Resolving Offences among ChristiansSue Afutu
“Moreover if your brother sins against you, go and tell him his fault between you and him alone. If he hears you, you have gained your brother. But if he will not hear, take with you one or two more, that ‘by the mouth of two or three witnesses every word may be established.’ And if he refuses to hear them, tell it to the church. But if he refuses even to hear the church, let him be to you like a heathen and a tax collector. Matthew 18:15-17 NKJV.
Offence is a part of life. Since we are not perfect, though we strive to be, it’s commonplace that we would offend others and that other people would offend us. For we all stumble in many things. If anyone does not stumble in word, he is a perfect man, able also to bridle the whole body James 3:2 NKJV. (For our discussion, we are considering offence as an attack on your person, character or property.
Since offence is a common part of our everyday living, we need to know how to deal with it when it occurs.
It’s possible to forgive the offender, even when he has not apologized. Jesus forgave those who took part in His crucifixion even when they had not apologized. ‘He said Father forgive them, for they don’t know what they are doing’ Luke 23:34. Stephen forgave those who stoned him and said, Lord, don’t count it against them Acts 7:60. However, this step may be steep for many of us. I believe it’s an easier step to take when you are sure the offence will not be repeated. But if you think the offence may likely be repeated if not addressed, then you must take another step.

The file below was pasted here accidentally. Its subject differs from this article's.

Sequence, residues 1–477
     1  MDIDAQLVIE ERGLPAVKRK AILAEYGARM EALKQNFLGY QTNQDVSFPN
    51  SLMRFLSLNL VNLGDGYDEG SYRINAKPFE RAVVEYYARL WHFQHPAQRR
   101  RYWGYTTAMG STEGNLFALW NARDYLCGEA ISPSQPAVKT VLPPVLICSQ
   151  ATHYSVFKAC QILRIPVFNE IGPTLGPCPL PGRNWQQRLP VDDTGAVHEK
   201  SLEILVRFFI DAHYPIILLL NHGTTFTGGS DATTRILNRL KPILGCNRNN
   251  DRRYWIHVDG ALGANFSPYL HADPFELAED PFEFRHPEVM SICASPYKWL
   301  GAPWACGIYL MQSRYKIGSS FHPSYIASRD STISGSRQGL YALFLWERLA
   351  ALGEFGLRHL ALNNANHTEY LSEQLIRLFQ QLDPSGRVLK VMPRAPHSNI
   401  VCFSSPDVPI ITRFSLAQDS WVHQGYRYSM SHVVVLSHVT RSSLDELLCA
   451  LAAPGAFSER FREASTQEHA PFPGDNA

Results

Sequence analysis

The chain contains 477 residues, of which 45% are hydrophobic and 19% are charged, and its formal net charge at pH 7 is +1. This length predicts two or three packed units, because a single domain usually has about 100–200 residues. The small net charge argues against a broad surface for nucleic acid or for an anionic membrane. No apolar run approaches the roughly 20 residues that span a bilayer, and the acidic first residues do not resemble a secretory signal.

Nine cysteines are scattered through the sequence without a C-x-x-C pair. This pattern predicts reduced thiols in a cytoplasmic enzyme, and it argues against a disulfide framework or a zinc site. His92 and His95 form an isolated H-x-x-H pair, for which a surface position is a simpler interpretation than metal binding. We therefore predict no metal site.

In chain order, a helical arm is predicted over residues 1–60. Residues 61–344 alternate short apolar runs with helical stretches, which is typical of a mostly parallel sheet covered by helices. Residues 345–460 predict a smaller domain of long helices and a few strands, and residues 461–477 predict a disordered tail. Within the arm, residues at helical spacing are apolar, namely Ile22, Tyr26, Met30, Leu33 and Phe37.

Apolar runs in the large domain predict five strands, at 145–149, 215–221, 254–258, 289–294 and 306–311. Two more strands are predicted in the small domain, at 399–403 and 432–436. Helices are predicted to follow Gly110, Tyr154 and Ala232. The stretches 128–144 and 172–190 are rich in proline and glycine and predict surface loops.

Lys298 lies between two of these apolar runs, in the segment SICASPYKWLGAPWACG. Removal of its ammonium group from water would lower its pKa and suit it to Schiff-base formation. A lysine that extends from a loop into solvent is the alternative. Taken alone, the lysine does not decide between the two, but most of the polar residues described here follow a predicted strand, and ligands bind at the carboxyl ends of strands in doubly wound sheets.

Matthew 18:15 gives us that first step. You must go to your brother and tell him his fault. If he listens to you, you have won him over. (The word brother here also includes sister). This is resolving a dispute without involving a third party. There’s a parallel process in Leviticus 19:17 and Luke 17 :3-4. It requires humility to admit that you were wrong. Also, when a reprimand is given privately success may be easier achieved. However, if you take this step and the dispute remains unresolved, then you must take another step.
The second step involves taking with you one or two more people and going to see this brother who has offended you. These additional people are supposed to act as witnesses. If after taking this step, the dispute is still not resolved then you must take another step.
The third step requires that you tell it to the church. Under this step, you can decide to report the situation to a small group leader, deacon or pastor of your church and seek their involvement in the resolution of the conflict. This step can still be taken even if the brother is not in your church but another church. This can be referred to as an intergroup conflict and will involve the leaders of the churches. However, if the dispute is yet unresolved you are allowed to treat the person as a heathen or as a tax collector.
What does it mean to treat the person as a heathen or a tax collector? It means do not acknowledge the person to be a Christian brother and treat him as you would treat a non-believer. Non-believers do not deserve certain courtesies that Christians are required to show each other. However, non-believers deserve to be shown the general courtesies extended towards all humanity. For example, 1 Corinthians 6:1-6 admonishes Christians not to take each other to court. But a Christian who will not heed the process outlined above exposes himself to court action.